100,000 BTU NEXT Hybrid Residential Gas Water Heater Zoom

100,000 BTU NEXT Hybrid Residential Gas Water Heater

SKU:HYB-90N

Brand: AO Smith

AO Smith
HYB-90N has been discontinued.
Suggested Alternative:
SKU: GDHE-50-NG
Brand: AO Smith
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Specs

Intended Household: 5+ Person
Application: Plumbing
Fuel Type: Natural Gas
BTU Input: 100000
1st Hour Delivery (Gallons): 189
Voltage:
?
120v
Efficiency:
?
90%
Amperage:
?
2.5
Hertz: 60
Vent Type: CPVC
Venting: Power Vent
Vent Type: PVC
ABS
Gas Connection: 1/2"
Height (Inches): 47.375
Diameter (Inches): 23.75
Weight (lbs): 198 lbs
Water Connection: 3/4"
Recovery 90°F Rise: 121 GPH
Warranty: 6-Year Limited Tank/ 6-Year Limited on Component Parts

Description for AO Smith HYB-90N

The NEXT Hybrid gas water heater is designed to improve upon tankless technology. It's engineered to take the water heating experience to a whole new level. It's built for the way people ACTUALLY live and use hot water. NEXT Hybrid is here and now. NEXT Hybrid is the future of hot water.

How does NEXT Hybrid work?
The NEXT Hybrid water heater features a patented heat transfer process that utilizes a secondary heat exchanger to capture the heated flue gas from the tankless unit and route it back through a buffer tank to extract additional heat. The combined effort of the two technologies creates a superior, more energy-efficient performance.

Conventional water heaters perform well with simultaneous demands because of their stored hot water. However, at times they run out of hot water during long draws because of the lower BTU input. Tankless technology performs well with long draws at steady flow rates. However, due to the lack of storage, they struggle with simultaneous demand from multiple fixtures. Combining the advantages of both technologies, NEXT Hybrid is the best of both worlds!

Combining the best features of tankless and conventional technologies, NEXT Hybrid features:

  • ENERGY EFFICIENCY: Patented circulation system delivers 90% thermal efficiency, ensuring maximum heat transfer, saving money on operating costs compared to a standard 78% efficient conventional or 84% tankless gas water heaters. Condensing design includes condensate drain trap
  • HYBRID TECHNOLOGY:
    • Innovative technology that surpasses existing conventional and tankless designs.
    • Patented water flow circulation system provides the performance of a tankless unit with extremely quick recovery.
    • First hour delivery of 189 gallons of hot water.
    • Smaller than a conventional 50-gallon gas water heater, but with twice the hot water delivery.
    • Whole-home solution regardless of geography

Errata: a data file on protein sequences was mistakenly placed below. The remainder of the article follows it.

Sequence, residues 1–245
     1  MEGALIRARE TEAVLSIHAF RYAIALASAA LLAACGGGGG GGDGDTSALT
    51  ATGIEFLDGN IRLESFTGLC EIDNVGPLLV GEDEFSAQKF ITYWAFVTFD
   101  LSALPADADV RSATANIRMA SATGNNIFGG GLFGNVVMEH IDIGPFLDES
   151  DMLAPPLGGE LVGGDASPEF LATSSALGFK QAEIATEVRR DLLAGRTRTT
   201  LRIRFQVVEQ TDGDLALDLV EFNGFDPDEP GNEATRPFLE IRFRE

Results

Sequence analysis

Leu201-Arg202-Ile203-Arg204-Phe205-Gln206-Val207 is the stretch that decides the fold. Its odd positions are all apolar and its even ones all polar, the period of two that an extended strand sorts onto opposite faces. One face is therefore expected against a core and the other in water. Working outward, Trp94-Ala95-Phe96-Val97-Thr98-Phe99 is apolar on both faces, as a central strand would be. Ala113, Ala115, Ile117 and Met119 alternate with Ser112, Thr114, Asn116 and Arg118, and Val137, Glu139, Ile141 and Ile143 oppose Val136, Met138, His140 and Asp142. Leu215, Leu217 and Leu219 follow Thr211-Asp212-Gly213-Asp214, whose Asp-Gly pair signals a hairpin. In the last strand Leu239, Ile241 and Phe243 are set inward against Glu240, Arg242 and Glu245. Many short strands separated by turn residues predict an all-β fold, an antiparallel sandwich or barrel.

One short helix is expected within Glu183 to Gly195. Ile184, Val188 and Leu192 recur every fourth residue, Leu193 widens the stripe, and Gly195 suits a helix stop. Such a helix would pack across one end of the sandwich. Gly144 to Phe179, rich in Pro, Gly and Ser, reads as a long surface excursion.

• IMPROVED HOT WATER DELIVERY:
    • Continuous hot water shower after shower when properly sized for your home
    • No minimum flow rate for ignition
    • No cold water sandwich
    • Delivers hot water faster than tankless
    • Internal storage easily handles peak demand
  • SOPHISTICATED ELECTRONICS:
    • User-friendly integrated temperature controller with LED numeric display allows for precise temperature settings
    • Multiple Lifestyle Modes - Energy Saver, Vacation and Boost modes allow for simple one-touch customization based on specific hot water needs
    • Safety lock feature deters unwanted access
    • Error code display for easy troubleshooting
  • LOWER INSTALLATION COSTS:
    • Utilizes 1/2" gas line standard in most homes today
    • Extremely low exhaust temperature enables PVC venting for easier, more economical installations
    • Less expensive venting material versus stainless steel venting used with most tankless models
    • Hot and cold water connections similar to conventional tank-style models
  • POWER VENT DESIGN
    • Uses inexpensive PVC, CPVC or ABS pipe for exhaust. Canadian installations require ULCS636 listed PVC or CPVC pipe for venting.
    • Can be vented vertically thru-the-roof or horizontally thru-the-wall
    • 2" pipe vents up to 50 equivalent feet
    • 3" pipe vents up to 100 equivalent feet
  • SIX YEAR LIMITED WARRANTY ON HEAT EX CHANGER , TANK AND PARTS

PLEASE NOTE: The product weighs 198 lbs. and may require the use of a
lift gate.
If you do require a lift gate at your delivery, you'll have the option to add this FREE of charge when you checkout.

100,000 BTU NEXT Hybrid Residential Gas Water Heater

REVIEW SNAPSHOT®

by PowerReviews
AO Smith100,000 BTU NEXT Hybrid Residential Gas Water Heater
 
4.2

(based on 5 reviews)

Ratings Distribution

  • 5 Stars

     

    (4)

  • 4 Stars

     

    (0)

  • 3 Stars

     

    (0)

  • 2 Stars

     

    (0)

  • 1 Stars

     

    (1)

80%

of respondents would recommend this to a friend.

Reviewed by 5 customers

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5.0

Best water heater ever

By Ben

from Sioux Center

Verified Buyer

Comments about 100,000 BTU NEXT Hybrid Residential Gas Water Heater:

Runs quiet compared to my old power vent unit. Does it's job efficiently.

 
1.0

no good

By pete

from san diego

Comments about 100,000 BTU NEXT Hybrid Residential Gas Water Heater:

do not work right can not get part to fix

 
5.0

Simply Fantastic!!!